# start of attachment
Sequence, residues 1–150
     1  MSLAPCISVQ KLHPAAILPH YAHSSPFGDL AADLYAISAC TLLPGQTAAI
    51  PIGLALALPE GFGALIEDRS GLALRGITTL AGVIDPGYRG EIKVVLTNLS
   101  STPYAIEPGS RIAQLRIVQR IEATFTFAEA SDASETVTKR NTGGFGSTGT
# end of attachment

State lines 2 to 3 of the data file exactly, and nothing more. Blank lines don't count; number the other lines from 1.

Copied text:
     1  MSLAPCISVQ KLHPAAILPH YAHSSPFGDL AADLYAISAC TLLPGQTAAI
    51  PIGLALALPE GFGALIEDRS GLALRGITTL AGVIDPGYRG EIKVVLTNLS